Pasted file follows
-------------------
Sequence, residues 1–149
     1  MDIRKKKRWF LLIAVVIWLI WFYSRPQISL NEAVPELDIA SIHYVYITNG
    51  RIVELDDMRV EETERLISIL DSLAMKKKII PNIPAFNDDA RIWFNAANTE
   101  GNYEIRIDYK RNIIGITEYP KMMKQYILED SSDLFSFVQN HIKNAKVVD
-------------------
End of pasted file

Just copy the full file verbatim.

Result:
Sequence, residues 1–149
     1  MDIRKKKRWF LLIAVVIWLI WFYSRPQISL NEAVPELDIA SIHYVYITNG
    51  RIVELDDMRV EETERLISIL DSLAMKKKII PNIPAFNDDA RIWFNAANTE
   101  GNYEIRIDYK RNIIGITEYP KMMKQYILED SSDLFSFVQN HIKNAKVVD